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Dr. Fred Poellnitz

Growing up, how did you learn about the accomplishments and struggles of African Americans?

Response: I attended public schools in the late 1940s and 1950s. All of the books presented Negroes is the most negative terms. According to my textbooks, African Americans did not make any contributions in the shaping of politics, economics, and culture in the United States. At that time, Black was an unacceptable term. African American or Afro-American had not been coined.

Were you in a classroom? Reading a book? Talking with relatives or friends?

Response: I learned about our history through my parents and in college during the early 1960s while pledging the Alpha Phi Alpha Fraternity. We were required to learn our history as part of the five-month pledge process at the University of Pittsburgh.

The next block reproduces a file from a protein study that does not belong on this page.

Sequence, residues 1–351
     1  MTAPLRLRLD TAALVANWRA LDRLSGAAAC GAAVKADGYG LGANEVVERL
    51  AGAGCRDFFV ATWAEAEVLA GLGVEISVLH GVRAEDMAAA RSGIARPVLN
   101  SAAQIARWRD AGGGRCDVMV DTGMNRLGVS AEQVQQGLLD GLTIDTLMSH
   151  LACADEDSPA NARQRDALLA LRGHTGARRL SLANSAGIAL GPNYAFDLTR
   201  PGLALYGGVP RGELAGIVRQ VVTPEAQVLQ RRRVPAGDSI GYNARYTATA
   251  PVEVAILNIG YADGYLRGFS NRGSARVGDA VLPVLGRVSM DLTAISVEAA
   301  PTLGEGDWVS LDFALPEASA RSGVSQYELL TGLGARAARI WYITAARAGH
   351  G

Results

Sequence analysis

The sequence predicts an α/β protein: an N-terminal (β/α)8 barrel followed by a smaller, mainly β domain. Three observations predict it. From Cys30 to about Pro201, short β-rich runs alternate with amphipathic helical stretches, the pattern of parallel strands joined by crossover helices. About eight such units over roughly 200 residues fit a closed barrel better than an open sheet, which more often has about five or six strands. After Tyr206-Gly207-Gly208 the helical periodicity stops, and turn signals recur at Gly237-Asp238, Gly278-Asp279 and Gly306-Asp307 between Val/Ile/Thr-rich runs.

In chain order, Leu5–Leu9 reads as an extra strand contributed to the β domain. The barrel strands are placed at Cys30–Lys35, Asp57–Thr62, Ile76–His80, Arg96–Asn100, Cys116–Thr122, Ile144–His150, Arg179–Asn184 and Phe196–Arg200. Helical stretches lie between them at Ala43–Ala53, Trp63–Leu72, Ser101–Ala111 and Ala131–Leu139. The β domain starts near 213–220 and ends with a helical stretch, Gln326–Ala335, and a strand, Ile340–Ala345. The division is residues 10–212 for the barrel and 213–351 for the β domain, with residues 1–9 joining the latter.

How has your understanding or knowledge of African-American history changed and/or developed over time?

Response: I could write a book on this topic. For the past two years on my Facebook page in the month of February I have highlighted a different African American who has made a significant contribution to American history. I have focused on individuals who are not well known. This project has given me an enormous amount of information about the impact of Blacks in American history.

What do you think is the most effective way to pass along this rich and growing history to future generations?

Response: From my perspective there are many effective ways to this issue. However, I believe it should start with modifying the books that are read to children during their formative years of ages 3 to 10 years of age. Although I am not a Hampton University graduate, I believe everyone should visit the university’s outstanding museum that highlights African American and Native America history. This museum should be a “must visit” for children of all ethnicities who are in the Tide Water area of Virginia.